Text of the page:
Sri Ksetra –  Ancient City Built Between First and Ninth Centuries

In the morning, we took a bus to Sri Kestra outside of Pyay.  Sri Ksetra is a World Heritage Site – it was once a prominent Pyu settlement.  Unfortunately, many of the sacred structures are deteriorating due to heavy rains and rising groundwater.

On the way, we did stop at the Phayagyi Stupa ( dome-shaped structure erected as a Buddhist shrine ) which dates from the 5th or 6th century. It is made from brick and mortar – 139 feet in circumference and 307 feet tall. Women are not allowed to walk on the upper levels.

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Phayagyi stupa

We continued on to the Sri Ksetra location.  Frankly, we didn’t see anything much but a wall of bricks, lots of land and two women planting rice in a rice field.  The most interesting were the workers in the rice paddy.

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Ancient wall of bricks
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The land around the brick wall
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I think the women are harvesting the rice plants

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Sri Ksetra Museum

After about a half hour, we went to the Sri Ksetra Museum to see the artifacts and some of the other 513 enshrined objects that were uncovered such as urns, Buddha image reliefs, artworks, gems, jewelry and more.  They were actually remodeling parts of the museum so we only saw one room.

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Here are a few photos of some of the objects I saw in the museum.

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Through the countryside to the lake and Cemetery

We left the museum and headed toward the countryside along winding roads to find the Beikthano excavated cemetery, also called burial terraces.  We had to stop several times to allow cars or other vehicles to pass us on the very narrow road.  We stopped first at a lake where you could see the Bawbawgyi pagoda in the distance.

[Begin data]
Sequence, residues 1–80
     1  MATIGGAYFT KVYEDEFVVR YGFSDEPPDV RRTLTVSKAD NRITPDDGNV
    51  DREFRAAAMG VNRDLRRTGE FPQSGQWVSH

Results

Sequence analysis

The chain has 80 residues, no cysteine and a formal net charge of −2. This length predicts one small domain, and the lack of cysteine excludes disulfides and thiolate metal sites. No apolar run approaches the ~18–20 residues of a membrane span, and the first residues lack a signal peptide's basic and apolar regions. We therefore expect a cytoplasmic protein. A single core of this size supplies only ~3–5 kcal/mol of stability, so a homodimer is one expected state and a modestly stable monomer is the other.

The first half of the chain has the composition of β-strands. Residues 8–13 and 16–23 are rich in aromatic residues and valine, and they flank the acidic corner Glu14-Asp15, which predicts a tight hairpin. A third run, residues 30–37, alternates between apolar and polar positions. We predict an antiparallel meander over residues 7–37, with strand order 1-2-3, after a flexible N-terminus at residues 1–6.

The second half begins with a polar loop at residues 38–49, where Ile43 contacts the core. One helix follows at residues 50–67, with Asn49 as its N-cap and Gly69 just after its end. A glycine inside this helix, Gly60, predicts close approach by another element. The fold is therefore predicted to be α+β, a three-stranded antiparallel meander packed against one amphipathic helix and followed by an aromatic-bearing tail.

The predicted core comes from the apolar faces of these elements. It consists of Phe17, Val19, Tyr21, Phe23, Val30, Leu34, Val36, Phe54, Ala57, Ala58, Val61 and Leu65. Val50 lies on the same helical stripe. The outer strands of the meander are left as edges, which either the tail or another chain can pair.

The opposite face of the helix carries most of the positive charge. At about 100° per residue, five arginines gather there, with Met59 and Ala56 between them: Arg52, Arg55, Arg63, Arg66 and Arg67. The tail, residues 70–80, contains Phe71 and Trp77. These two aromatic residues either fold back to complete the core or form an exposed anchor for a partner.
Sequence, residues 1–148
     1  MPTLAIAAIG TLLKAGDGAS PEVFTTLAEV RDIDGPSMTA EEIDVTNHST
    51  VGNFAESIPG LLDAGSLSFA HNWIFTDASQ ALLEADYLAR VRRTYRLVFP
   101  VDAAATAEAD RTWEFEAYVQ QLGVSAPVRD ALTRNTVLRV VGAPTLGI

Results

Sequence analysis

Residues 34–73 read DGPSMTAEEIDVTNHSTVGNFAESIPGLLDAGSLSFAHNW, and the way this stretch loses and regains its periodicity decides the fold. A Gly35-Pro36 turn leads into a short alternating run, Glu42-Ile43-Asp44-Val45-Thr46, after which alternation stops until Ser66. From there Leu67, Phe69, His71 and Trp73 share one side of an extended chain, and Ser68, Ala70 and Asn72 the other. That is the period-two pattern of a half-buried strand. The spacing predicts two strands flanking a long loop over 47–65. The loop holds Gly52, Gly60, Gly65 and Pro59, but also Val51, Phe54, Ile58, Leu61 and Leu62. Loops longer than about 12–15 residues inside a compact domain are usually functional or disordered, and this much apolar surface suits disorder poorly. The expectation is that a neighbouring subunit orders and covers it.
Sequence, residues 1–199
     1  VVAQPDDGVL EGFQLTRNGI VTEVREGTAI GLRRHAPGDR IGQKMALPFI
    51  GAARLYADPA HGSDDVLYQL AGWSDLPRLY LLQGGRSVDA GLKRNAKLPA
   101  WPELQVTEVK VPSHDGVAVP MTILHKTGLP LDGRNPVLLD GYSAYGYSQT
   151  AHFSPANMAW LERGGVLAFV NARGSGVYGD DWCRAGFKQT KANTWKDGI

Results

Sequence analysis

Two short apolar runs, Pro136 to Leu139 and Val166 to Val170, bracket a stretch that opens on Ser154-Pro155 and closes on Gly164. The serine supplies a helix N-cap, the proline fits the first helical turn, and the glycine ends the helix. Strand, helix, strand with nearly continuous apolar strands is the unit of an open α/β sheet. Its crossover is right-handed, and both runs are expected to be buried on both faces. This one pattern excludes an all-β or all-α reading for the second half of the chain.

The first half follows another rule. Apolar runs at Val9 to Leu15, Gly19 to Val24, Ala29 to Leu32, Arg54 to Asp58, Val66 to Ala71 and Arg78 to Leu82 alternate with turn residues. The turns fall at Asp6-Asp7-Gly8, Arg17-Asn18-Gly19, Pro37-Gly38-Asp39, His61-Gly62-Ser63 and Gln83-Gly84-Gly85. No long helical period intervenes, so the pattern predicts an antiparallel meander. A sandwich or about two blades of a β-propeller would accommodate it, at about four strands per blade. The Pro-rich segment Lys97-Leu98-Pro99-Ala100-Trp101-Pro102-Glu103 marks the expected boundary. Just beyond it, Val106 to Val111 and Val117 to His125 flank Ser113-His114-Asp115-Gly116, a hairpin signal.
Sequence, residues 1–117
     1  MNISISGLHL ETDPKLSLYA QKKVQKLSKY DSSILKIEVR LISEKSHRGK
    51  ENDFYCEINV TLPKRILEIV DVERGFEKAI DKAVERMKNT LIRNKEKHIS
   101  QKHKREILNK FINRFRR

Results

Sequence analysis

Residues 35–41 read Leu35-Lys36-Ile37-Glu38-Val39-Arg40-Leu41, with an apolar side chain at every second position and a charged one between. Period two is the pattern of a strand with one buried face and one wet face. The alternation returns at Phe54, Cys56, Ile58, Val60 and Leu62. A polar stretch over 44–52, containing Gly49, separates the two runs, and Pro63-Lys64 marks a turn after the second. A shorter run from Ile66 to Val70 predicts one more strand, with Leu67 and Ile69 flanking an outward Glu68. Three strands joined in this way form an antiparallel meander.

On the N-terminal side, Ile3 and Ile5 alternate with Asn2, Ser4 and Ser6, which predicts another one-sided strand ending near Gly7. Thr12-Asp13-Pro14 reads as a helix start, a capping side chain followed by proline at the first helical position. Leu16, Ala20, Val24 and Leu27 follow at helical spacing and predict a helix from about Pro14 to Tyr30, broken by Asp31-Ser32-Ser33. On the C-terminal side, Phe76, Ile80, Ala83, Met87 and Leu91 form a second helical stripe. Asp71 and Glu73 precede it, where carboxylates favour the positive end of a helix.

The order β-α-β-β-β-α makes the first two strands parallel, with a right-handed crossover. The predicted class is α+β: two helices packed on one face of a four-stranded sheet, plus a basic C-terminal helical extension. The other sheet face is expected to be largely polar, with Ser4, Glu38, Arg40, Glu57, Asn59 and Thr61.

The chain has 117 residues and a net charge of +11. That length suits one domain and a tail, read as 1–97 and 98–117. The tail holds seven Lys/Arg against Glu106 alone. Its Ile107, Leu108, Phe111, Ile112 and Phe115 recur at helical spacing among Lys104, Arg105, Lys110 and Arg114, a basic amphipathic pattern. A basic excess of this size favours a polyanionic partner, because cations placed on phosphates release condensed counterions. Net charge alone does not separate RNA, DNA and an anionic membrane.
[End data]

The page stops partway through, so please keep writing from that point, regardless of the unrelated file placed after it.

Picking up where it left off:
This was an agricultural area and we saw many crops along the way. The plants on the top are a kind of squash.  Underneath is another crop which can be grown in the shade.

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Maybe Squash – my guide called them gourds
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The roof on this hut is made from dry leaves.
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Leaning house of Pyay
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We saw these big pots or urns used everywhere

We finally arrived at the lake and could see the pagoda in the distance.  It was a very rural countryside and we had fun taking photos.

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Bawbawgyi Pagoda seen in the distance
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Brahman cows mostly used as draft animals
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Grazing cattle near the lake
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All dressed up with matching outfits, this mother and daughter made a sweet photo

After a short time here at the lake, we headed for the Pyu burial site.  It consists of terracotta urns collected in a brick structure.

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Many terracotta burial urns could be seen

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This doggie was just sitting quietly outside the cemetery.
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We saw three ladies carrying farm goods on their heads – maybe betel leaves

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These goats didn’t want to move out of the way of our van.
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Ancient bridge – we stopped for a photo before driving back to the boat.

We arrived back at the boat and as soon as we were all aboard, it set sail for Thayet – where we had a morning excursion to a rural village.

 

 

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